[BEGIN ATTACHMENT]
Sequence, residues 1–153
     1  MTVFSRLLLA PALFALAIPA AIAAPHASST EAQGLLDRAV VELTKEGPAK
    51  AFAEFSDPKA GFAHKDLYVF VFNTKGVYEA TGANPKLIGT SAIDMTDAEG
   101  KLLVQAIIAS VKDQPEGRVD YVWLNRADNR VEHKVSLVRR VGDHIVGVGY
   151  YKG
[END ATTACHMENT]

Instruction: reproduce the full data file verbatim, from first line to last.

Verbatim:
Sequence, residues 1–153
     1  MTVFSRLLLA PALFALAIPA AIAAPHASST EAQGLLDRAV VELTKEGPAK
    51  AFAEFSDPKA GFAHKDLYVF VFNTKGVYEA TGANPKLIGT SAIDMTDAEG
   101  KLLVQAIIAS VKDQPEGRVD YVWLNRADNR VEHKVSLVRR VGDHIVGVGY
   151  YKG